There are two levels and three rooms: the main downstairs one with manga bookshelves and the main desk, one Japanese style room upstairs, and one bedroom-like room upstairs. You can buy some treats to feed the cats (but only once!). We got the "special treat" for 500 yen that consisted of a small plastic container of dried squid and fish products. The cats, until then politely disinterested, suddenly swarmed. There are a few cats with a collar on that they asked you to not feed for health reasons. The poor cats were trying really hard to get some snacks while we could only hold it out of their reach.
Maybe it felt a bit strange because we were the only people there at that time of the day, but it really felt like it was just a residential apartment that was converted into this building of fluffy animal cafes and that one weird cuddling cafe.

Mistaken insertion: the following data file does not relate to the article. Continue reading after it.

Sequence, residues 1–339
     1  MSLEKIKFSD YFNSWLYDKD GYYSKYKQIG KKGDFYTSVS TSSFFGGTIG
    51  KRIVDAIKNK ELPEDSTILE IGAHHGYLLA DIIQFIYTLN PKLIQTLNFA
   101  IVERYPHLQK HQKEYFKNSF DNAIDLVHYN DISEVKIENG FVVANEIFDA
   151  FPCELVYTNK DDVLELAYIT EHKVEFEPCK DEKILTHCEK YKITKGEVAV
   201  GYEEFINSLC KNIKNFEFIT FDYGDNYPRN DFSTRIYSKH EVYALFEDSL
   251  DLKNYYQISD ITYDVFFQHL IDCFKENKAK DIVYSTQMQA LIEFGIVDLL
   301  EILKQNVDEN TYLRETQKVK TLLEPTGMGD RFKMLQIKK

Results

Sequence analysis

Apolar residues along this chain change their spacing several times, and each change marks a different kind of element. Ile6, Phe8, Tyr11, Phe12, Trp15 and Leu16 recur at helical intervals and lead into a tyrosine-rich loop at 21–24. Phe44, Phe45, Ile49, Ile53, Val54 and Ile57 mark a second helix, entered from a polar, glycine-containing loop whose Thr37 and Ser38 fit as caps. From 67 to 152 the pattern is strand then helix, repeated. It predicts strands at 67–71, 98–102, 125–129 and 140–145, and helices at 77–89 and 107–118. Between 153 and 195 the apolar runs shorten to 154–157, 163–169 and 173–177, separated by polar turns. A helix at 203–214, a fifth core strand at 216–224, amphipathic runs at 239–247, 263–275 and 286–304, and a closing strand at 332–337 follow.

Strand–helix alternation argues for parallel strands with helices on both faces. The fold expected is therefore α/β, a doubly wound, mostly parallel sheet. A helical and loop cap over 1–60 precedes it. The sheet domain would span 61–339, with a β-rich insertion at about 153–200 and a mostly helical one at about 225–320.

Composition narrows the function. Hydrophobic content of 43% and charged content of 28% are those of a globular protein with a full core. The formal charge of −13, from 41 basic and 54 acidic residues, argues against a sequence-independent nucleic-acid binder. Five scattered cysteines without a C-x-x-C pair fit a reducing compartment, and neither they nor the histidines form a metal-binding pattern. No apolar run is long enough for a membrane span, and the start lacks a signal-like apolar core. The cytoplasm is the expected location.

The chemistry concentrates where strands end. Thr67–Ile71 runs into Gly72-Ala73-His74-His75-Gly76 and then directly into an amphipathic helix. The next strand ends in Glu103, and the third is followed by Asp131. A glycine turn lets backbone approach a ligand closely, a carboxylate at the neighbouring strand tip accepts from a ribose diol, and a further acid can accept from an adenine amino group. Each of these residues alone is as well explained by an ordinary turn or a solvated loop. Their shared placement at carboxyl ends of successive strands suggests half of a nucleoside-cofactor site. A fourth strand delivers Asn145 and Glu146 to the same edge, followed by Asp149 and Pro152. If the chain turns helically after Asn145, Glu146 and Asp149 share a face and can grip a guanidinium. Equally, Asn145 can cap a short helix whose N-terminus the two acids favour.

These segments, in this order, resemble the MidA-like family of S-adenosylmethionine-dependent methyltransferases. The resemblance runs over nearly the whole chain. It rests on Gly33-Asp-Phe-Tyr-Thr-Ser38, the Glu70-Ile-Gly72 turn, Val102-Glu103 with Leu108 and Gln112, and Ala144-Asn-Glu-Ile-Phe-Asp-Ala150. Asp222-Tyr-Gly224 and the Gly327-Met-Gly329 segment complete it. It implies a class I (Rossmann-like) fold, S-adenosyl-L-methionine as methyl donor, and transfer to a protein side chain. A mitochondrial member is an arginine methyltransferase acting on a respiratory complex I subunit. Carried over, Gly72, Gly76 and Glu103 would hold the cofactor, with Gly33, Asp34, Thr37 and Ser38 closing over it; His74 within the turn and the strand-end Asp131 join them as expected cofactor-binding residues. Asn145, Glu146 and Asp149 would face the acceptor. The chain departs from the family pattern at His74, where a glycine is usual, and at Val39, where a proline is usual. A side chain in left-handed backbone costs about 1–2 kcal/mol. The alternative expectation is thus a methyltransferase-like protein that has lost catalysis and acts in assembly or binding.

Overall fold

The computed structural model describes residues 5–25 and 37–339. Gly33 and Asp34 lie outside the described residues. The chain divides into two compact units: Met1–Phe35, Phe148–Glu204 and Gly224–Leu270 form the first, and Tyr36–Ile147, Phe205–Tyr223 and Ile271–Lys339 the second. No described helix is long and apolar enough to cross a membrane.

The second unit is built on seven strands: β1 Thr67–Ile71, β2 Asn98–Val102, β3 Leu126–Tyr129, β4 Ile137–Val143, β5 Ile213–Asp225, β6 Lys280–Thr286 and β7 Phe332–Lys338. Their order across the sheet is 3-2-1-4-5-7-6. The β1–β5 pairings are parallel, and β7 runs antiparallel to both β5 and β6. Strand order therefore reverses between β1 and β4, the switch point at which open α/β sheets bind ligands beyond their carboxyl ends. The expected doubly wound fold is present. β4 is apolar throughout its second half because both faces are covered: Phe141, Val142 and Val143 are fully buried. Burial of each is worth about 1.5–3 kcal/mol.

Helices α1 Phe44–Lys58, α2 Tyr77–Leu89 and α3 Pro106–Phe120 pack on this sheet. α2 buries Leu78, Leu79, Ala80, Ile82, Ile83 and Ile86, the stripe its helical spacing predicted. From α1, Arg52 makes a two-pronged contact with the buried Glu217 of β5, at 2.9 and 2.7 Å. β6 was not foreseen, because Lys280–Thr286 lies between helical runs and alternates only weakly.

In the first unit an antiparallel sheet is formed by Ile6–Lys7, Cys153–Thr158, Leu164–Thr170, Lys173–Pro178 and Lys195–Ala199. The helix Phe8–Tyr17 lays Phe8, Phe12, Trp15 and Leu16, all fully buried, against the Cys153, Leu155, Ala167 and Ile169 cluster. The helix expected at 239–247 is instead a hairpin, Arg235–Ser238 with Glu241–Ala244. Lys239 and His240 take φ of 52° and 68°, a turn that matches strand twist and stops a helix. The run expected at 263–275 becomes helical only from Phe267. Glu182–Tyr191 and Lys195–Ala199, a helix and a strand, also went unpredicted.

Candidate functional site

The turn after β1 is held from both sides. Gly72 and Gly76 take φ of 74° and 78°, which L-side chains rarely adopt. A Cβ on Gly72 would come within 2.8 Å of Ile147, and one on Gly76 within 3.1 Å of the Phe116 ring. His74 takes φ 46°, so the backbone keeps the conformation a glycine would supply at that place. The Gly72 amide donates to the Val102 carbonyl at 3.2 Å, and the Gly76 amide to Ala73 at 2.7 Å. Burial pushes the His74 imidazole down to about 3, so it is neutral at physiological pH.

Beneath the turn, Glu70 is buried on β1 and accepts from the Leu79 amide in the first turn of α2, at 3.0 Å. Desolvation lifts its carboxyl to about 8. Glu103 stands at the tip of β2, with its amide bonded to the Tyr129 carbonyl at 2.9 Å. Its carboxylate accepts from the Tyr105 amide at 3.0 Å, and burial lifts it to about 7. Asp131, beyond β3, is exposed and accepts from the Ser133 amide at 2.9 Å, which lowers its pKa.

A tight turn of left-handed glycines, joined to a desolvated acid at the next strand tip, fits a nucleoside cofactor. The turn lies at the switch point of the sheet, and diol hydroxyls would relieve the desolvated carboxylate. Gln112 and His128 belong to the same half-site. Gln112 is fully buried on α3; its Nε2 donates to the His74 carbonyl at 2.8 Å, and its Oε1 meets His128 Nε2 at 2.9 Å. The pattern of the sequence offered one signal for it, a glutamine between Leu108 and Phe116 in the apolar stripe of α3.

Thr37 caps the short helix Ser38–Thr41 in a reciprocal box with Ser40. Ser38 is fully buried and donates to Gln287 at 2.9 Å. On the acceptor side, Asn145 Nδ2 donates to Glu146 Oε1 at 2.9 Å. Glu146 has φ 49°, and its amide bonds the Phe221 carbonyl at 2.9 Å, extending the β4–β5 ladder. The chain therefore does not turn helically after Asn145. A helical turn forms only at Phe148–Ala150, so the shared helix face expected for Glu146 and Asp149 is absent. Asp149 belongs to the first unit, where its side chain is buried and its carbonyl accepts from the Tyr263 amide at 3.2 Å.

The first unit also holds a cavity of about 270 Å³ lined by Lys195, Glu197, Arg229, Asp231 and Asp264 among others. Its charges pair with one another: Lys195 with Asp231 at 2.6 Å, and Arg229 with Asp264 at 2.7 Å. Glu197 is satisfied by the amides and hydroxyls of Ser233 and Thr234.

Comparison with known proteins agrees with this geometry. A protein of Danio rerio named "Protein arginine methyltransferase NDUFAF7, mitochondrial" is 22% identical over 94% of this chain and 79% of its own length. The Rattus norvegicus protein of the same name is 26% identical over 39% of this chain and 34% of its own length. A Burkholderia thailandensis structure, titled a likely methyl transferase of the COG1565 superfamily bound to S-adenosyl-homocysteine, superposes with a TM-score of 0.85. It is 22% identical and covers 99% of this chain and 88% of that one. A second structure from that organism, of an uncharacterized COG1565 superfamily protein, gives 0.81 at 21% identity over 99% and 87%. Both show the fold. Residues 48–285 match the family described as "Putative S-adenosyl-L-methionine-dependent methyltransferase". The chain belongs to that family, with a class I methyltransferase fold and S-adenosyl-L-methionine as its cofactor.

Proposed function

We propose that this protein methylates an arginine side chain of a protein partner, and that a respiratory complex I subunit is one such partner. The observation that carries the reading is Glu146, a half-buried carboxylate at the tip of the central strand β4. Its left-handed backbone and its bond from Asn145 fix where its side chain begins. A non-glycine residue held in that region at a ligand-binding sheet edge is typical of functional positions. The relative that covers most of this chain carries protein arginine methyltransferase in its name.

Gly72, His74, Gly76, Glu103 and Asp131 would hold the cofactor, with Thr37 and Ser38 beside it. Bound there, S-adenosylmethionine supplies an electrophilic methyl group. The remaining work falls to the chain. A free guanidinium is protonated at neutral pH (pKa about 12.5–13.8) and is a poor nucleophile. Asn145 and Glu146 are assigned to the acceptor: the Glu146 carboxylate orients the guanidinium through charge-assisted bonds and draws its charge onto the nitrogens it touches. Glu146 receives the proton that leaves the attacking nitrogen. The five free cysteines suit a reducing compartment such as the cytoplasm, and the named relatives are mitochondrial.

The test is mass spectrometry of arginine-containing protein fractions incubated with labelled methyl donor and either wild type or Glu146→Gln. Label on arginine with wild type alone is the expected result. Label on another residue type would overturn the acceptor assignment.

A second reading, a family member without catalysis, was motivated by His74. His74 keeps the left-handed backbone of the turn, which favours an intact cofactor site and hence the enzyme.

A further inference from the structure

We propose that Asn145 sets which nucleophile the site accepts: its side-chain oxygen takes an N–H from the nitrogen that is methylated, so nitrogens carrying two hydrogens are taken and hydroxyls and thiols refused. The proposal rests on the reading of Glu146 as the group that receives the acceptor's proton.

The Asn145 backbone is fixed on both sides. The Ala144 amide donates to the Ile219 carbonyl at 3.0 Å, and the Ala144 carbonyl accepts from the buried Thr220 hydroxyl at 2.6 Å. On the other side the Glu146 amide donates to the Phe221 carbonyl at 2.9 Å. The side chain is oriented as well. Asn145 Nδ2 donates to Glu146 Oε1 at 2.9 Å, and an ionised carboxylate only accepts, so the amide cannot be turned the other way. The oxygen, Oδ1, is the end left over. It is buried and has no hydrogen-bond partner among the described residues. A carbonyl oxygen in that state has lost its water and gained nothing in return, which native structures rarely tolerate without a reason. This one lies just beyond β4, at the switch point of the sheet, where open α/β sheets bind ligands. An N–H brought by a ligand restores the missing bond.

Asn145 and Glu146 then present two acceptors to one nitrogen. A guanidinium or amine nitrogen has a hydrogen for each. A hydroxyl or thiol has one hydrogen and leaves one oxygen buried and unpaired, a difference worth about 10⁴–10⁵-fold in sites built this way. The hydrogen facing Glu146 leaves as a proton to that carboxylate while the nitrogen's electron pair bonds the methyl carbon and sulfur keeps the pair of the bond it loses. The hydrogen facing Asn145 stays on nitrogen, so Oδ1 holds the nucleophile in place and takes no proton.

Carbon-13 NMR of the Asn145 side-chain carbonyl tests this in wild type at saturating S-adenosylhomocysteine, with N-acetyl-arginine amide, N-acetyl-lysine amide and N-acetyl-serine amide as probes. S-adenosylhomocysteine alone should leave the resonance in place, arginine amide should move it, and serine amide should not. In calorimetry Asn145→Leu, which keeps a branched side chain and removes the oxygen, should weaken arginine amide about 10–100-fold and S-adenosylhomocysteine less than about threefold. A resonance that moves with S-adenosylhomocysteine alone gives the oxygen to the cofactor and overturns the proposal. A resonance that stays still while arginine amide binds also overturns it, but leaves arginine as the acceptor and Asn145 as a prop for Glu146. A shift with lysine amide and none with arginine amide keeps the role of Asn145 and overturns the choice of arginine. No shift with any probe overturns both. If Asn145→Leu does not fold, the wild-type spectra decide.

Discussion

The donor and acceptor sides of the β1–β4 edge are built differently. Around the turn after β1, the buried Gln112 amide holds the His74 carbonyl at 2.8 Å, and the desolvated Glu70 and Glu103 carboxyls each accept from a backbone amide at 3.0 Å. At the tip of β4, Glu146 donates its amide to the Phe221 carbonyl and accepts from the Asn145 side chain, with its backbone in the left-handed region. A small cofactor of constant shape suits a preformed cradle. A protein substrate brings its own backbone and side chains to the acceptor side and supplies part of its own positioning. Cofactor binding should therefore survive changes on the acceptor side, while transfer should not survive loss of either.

I also experienced first-hand that annoying reverse back arch thing cats do when they don't want to be petted by you. So frustrating when your hand just barely glances the 2 mm of air above the cat. The cafe had some toys lying around for you to try and entice the cats with but they mostly just ignored me.
In all it was pretty fun and the cats were all really adorable. Cats don't cooperate very much, so it will be a lot of chasing them down for photos or pets. Unless you have food. I actually took many more photos but the majority were blurry.
Our plan to eat at 15East (as recommended by my cousin) failed because of the long delay on our flight into New York. Our first meal was sushi take out (yay for technology!) delivered to our hotel because we were famished and tired.
Scroll to the very bottom for restaurant information.